Researchers from Massachusetts General Hospital (MGH) and Harvard Medical School developed a deep learning (DL) model that measures breast density “at the level of an experienced mammographer.” Results of the study were published in Radiology.
“Inconsistency in density assessment of mammograms has been widely recognized for the potential to cause patient anxiety and result in unnecessary procedures,” wrote lead author Constance D. Lehman, MD, PhD, from MGH in Boston, and colleagues. “To address this issue, we developed a DL model to assess mammographic breast density that was trained by using the assessments of experienced breast imagers.
In collaboration with AI expert Regina Barzilay, PhD, of the Massachusetts Institute of Technology and her team, the researchers developed and trained the DL to assess Breast Imaging Reporting and Data System (BI-RADS) breast density based on a radiologist’s original analysis. More than 41,000 digital screening mammograms obtained from 27,684 women were used to train the DL model as part of the exercise. The researchers also tested the model on a another set of mammograms before implementing it into clinical practice.
Eight radiologists reviewed 10,763 mammograms the model had previously determined was dense or non-dense tissue. The interpreting radiologist agreed with the model’s assessment in 94 percent of cases. Lehman noted reader variability may impact the other 6 percent of cases as radiologists’ interpretation to assess breast density is “subjective and qualitative.”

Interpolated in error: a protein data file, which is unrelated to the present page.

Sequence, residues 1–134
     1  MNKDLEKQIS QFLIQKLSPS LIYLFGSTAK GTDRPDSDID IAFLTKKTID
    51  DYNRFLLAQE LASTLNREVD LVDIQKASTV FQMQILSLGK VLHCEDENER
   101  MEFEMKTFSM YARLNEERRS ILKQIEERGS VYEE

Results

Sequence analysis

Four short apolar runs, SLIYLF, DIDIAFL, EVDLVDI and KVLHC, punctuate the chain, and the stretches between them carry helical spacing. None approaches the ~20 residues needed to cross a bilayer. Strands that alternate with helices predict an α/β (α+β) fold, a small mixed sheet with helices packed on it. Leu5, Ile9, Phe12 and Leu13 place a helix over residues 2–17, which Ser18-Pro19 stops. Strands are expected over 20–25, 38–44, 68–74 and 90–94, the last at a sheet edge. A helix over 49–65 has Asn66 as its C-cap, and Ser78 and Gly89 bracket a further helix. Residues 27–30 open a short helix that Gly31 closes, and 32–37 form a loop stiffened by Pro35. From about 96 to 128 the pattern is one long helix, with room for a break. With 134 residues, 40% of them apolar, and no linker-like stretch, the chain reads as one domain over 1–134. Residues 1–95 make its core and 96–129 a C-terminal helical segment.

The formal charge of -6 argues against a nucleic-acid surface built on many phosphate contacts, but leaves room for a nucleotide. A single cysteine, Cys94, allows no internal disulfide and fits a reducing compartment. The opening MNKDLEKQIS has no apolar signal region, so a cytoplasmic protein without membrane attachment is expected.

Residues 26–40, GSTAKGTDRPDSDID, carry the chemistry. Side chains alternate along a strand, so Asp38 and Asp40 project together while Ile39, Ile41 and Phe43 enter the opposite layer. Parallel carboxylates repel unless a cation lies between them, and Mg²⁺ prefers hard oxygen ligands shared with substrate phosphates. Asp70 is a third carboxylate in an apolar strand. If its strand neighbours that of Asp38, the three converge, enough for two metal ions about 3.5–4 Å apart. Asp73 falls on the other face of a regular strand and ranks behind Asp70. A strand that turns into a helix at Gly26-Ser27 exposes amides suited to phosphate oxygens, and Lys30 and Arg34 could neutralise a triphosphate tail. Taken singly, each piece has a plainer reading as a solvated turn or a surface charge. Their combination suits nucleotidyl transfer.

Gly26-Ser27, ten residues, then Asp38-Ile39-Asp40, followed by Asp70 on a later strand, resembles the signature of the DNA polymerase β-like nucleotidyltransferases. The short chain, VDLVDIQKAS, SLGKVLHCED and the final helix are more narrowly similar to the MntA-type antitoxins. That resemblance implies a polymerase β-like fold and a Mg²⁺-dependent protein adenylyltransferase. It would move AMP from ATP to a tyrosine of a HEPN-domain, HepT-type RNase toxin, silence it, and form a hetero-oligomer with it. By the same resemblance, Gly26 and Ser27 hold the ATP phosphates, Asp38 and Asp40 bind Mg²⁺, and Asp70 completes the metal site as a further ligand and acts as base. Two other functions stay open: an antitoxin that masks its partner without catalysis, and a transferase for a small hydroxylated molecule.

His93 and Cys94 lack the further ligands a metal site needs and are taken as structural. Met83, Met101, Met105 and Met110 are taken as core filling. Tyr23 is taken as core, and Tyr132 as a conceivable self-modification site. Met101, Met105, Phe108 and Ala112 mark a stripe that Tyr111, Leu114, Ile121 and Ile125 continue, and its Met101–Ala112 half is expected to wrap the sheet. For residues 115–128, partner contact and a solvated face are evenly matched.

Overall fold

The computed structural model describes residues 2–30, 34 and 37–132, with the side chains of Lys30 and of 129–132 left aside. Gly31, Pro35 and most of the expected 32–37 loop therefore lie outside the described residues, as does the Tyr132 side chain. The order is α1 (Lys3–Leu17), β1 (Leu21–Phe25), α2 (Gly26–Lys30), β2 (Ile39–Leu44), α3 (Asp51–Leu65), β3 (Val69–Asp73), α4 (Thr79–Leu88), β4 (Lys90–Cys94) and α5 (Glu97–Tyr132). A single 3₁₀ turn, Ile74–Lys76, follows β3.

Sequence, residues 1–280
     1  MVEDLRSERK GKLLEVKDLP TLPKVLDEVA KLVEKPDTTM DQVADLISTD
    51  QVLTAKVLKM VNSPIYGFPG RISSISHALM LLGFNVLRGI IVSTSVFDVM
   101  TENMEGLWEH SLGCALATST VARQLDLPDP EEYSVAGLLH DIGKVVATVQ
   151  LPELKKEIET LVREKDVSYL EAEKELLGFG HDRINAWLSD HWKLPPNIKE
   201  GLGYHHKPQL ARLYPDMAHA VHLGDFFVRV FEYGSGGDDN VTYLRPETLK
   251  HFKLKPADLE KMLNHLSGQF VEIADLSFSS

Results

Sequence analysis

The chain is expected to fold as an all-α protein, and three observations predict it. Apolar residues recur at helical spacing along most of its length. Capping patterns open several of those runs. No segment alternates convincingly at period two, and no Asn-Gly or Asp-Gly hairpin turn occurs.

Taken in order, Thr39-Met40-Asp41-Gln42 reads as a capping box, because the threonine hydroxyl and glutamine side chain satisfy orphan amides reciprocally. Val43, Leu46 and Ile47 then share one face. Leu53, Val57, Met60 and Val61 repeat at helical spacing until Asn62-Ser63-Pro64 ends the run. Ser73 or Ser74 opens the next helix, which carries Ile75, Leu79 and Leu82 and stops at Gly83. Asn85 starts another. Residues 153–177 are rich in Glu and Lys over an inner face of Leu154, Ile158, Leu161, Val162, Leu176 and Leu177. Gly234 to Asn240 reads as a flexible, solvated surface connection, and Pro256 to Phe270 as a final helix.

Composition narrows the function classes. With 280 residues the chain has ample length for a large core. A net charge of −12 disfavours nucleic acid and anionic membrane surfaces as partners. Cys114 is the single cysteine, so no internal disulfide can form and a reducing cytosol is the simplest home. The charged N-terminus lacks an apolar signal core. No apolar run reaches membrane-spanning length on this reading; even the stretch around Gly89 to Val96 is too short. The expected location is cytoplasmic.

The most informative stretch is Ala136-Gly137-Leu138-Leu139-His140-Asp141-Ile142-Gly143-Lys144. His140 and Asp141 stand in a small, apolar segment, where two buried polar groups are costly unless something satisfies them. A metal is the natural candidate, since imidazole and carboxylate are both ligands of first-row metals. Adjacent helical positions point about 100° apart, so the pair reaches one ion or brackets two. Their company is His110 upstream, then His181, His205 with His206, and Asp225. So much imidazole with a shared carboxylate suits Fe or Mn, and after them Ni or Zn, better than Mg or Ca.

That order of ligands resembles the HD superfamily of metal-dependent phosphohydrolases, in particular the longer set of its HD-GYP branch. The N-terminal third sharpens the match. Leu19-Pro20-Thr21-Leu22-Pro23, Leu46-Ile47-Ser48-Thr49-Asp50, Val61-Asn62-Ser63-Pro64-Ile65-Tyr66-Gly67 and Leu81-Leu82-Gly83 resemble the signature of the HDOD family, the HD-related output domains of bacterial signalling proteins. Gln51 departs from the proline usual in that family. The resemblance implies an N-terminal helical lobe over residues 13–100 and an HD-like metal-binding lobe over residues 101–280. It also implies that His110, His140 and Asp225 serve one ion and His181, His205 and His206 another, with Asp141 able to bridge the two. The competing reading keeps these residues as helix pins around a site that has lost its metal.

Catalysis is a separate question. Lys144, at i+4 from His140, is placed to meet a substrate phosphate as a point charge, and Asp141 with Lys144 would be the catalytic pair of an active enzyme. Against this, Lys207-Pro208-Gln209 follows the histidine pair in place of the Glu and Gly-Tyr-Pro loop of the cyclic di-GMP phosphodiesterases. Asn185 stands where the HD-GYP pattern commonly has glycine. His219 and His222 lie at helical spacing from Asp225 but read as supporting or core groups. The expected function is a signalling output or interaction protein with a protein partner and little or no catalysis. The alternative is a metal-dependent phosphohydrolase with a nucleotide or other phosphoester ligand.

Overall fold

"The study results show that the algorithm worked remarkably well," Barzilay said in a prepared statement. "But what's more important is that it is being used every day to measure breast density in mammograms at a major hospital."
The DL model has been part of clinical practice at MGH since Jan. 2018 and has interpreted more than 16,000 scans thus far.
“Our DL model provides efficient and reliable density assessments, both at the patient level and at the population level, and it is designed to be widely available, simple to use, and cost effective,” Lehman and colleagues wrote. “It can be used to measure breast density in a diverse set of patients, without limitations based on prior surgery or other breast interventions. Our tool can potentially address concerns for current breast density legislation, and it can help providers supply more accurate information to patients and help health systems optimize the use of supplemental screening resources.”